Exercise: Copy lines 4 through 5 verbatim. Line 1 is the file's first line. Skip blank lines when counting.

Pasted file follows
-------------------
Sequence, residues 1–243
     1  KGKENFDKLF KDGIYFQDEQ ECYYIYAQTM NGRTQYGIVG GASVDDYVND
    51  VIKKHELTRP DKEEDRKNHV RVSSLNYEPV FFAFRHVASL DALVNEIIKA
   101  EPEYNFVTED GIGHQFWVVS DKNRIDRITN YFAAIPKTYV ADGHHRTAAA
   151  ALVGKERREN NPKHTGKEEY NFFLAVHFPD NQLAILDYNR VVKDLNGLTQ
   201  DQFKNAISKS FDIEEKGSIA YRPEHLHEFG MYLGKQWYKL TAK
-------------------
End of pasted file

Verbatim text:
   101  EPEYNFVTED GIGHQFWVVS DKNRIDRITN YFAAIPKTYV ADGHHRTAAA
   151  ALVGKERREN NPKHTGKEEY NFFLAVHFPD NQLAILDYNR VVKDLNGLTQ